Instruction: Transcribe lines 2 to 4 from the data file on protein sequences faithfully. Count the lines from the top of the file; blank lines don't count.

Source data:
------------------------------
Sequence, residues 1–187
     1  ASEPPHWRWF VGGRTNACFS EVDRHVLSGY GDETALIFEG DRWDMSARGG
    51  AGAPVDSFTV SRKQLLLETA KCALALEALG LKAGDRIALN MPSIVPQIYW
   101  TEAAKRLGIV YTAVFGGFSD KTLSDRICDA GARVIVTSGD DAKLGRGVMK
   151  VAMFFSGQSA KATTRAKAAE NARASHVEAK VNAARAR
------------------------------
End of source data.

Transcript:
     1  ASEPPHWRWF VGGRTNACFS EVDRHVLSGY GDETALIFEG DRWDMSARGG
    51  AGAPVDSFTV SRKQLLLETA KCALALEALG LKAGDRIALN MPSIVPQIYW
   101  TEAAKRLGIV YTAVFGGFSD KTLSDRICDA GARVIVTSGD DAKLGRGVMK